Clove Bud received its name from the French word "clou", which translates to nail, which was given due to a clove's physical appearance. Historians understand that Clove was one of the first spices to be traded, based on finding cloves in early ships that dated as far back as 1721 BC. Cloves are documented in Chinese history as early as 226 BC, where the Emperor decreed that anyone needing to speak to him chew on a clove beforehand to eradicate bad breath.
The Clove Tree's home is the Molucca Islands, a collection of islands that are now part of Indonesia. Some believe that one of the islands, named Amboina, is the most likely origin for the tree. During both the 16th and 17th centuries, Clove was one of the priciest spices, along with nutmeg. Clove can be found at the centre of expeditions and sometimes even battles. Explorer Ferdinand Magellan's ship landed in Spain in 1522 after being killed in the Philippines at the Battle of Mactan. The ship was loaded with nutmeg and cloves, and the Spaniards didn't waste any time and took full advantage of trading the Clove, which was worth more than its weight in gold.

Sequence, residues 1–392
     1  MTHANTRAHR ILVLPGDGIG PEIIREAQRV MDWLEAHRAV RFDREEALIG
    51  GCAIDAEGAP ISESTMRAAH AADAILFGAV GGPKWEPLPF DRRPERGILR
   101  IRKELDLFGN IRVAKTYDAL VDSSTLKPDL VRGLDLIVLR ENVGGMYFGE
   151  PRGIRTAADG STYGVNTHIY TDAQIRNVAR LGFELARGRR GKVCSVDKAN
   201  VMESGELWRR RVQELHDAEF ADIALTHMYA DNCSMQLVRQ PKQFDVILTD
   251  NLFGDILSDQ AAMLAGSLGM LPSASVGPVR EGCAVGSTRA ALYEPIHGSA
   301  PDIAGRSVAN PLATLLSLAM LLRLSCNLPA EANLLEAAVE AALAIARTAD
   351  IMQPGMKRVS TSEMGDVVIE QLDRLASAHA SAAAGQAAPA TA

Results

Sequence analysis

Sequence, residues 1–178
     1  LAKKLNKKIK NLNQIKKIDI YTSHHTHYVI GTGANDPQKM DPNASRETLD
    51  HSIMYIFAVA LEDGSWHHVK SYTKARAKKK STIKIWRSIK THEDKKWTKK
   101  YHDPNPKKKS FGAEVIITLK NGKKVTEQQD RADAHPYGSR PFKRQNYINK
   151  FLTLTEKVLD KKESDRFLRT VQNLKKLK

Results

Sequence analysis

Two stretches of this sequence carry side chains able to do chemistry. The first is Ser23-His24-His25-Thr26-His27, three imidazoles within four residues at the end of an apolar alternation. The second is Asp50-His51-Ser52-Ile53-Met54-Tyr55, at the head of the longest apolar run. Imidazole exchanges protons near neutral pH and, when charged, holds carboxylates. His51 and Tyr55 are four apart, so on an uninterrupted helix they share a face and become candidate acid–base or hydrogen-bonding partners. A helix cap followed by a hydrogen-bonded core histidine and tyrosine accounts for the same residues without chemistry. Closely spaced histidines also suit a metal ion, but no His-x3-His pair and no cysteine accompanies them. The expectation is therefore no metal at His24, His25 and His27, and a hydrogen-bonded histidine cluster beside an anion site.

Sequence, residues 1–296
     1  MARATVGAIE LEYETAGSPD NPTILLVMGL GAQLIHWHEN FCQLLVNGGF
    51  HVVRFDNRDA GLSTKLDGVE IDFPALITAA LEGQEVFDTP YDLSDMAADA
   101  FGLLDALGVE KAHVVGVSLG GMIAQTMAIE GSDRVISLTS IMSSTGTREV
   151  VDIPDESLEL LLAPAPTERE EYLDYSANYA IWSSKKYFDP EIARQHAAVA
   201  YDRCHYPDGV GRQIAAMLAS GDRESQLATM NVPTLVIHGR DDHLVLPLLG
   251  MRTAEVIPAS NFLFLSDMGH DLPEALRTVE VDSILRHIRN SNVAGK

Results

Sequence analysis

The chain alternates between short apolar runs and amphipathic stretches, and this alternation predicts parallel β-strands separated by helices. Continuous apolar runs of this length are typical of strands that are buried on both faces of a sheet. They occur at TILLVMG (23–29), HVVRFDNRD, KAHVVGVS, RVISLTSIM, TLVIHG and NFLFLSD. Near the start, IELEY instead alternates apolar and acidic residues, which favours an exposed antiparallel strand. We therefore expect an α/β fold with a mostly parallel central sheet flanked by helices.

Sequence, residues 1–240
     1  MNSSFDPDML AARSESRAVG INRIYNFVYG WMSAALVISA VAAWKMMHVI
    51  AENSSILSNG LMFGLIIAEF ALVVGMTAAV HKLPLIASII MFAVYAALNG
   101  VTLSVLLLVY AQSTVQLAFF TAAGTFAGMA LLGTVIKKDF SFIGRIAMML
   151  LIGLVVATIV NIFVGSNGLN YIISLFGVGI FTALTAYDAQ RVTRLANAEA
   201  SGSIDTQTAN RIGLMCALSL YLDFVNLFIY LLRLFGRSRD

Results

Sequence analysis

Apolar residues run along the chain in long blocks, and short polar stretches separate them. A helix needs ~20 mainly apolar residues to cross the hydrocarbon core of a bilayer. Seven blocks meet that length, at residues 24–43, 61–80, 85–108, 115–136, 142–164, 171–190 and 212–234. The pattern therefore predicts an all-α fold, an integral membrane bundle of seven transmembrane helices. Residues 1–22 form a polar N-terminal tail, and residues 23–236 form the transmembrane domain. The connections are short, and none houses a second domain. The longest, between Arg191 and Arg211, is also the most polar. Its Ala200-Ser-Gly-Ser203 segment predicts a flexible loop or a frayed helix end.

By the 18th century, clove trees could be located throughout many other countries and islands, including Zanzibar, Madagascar, Brazil, Mauritius and Tanzania. For the first time, the spice could be enjoyed by all, for both culinary and medicinal purposes. It has been used in Asia as a cooking spice for over 2000 years and has deep roots in India, where it was used to heal cavities.
Benefits & Uses
- Great for eliminating fungal infections.
- Can alleviate muscle ache and joint pains.
- It can be used in cleaning to remove mould and deter insects.
- Diffusing the oil may help with memory retention, anxiety and overall mood.
- It can improve skin health and fight acne.
- It can be used to help relieve toothache related pain.
- Clove oil is packed full of antioxidants and has potent anti-inflammatory and antibacterial properties.
- It can give a much-needed boost to the immune system.